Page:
Astronomers have discovered 60 new planets orbiting stars near the Earth's solar system.
The team of international scientists, which include Dr Mikko Tuomi of the University of Hertfordshire, also found evidence of a further 54 planets - bringing the total number of potential new worlds to 114.
A hot "super-Earth" with a rocky surface located in the fourth nearest star system to the sun was among the extrasolar planets discovered.
Researchers said the planet - named Gliese 411b - demonstrates that "virtually all" the nearest stars to the sun have planets orbiting them and some of these "could be like Earth".
The results are based on almost 61,000 individual observations of 1,600 stars taken over a 20-year period by US astronomers using the Keck-I telescope in Hawaii.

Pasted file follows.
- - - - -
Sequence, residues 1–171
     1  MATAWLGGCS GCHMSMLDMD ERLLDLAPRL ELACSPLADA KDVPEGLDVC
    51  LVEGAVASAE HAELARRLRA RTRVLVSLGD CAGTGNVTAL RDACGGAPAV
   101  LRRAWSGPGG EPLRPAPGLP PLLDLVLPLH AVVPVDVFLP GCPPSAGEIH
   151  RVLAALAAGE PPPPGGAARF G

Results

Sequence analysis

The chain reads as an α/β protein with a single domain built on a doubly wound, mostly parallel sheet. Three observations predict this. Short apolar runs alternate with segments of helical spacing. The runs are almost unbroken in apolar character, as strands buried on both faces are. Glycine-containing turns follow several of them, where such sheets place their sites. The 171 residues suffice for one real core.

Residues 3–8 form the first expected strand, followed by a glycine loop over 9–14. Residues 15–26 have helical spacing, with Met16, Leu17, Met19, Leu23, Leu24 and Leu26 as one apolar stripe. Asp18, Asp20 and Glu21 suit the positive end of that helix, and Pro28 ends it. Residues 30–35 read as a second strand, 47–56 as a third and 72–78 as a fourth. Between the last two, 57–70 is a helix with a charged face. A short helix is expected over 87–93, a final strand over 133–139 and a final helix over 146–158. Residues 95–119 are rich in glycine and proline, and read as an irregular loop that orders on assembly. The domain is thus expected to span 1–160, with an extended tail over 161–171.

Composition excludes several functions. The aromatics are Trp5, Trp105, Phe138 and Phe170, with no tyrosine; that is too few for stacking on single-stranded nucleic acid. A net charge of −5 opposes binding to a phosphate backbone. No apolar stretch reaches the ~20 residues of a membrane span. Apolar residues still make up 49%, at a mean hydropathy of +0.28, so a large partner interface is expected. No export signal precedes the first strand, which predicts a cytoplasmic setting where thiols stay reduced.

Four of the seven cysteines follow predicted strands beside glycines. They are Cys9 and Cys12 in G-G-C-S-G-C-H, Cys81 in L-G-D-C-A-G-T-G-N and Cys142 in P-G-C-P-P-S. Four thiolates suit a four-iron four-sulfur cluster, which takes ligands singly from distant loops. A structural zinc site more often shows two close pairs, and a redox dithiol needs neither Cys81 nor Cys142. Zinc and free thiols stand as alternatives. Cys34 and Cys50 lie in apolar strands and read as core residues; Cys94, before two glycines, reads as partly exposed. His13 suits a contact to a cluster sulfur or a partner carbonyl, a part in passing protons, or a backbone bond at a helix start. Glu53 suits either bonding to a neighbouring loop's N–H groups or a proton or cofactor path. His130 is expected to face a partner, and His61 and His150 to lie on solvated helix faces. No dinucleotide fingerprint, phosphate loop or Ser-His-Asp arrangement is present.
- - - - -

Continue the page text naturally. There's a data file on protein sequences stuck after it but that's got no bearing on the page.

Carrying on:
The observations were part of the Lick-Carnegie Exoplanet Survey, which was started in 1996 by astronomers Steve Vogt and Geoffrey Marcy from the University of California and Paul Butler, from the Carnegie Institute of Science, in Washington.
Dr Tuomi, who was the only European-based researcher working on the project and led analysis of the data, said: "It is fascinating to think that when we look at the nearest stars, all of them appear to have planets orbiting them.
"This is something astronomers were not convinced about, even as little as five years ago.
"These new planets also help us better understand the formation processes of planetary systems and provide interesting targets for future efforts to image the planets directly."
Dr Butler said: "This paper and data release is one of my crowning achievements as an astronomer. It represents a good chunk of my life's work."
The group's paper has been accepted for publication in The Astrophysical Journal.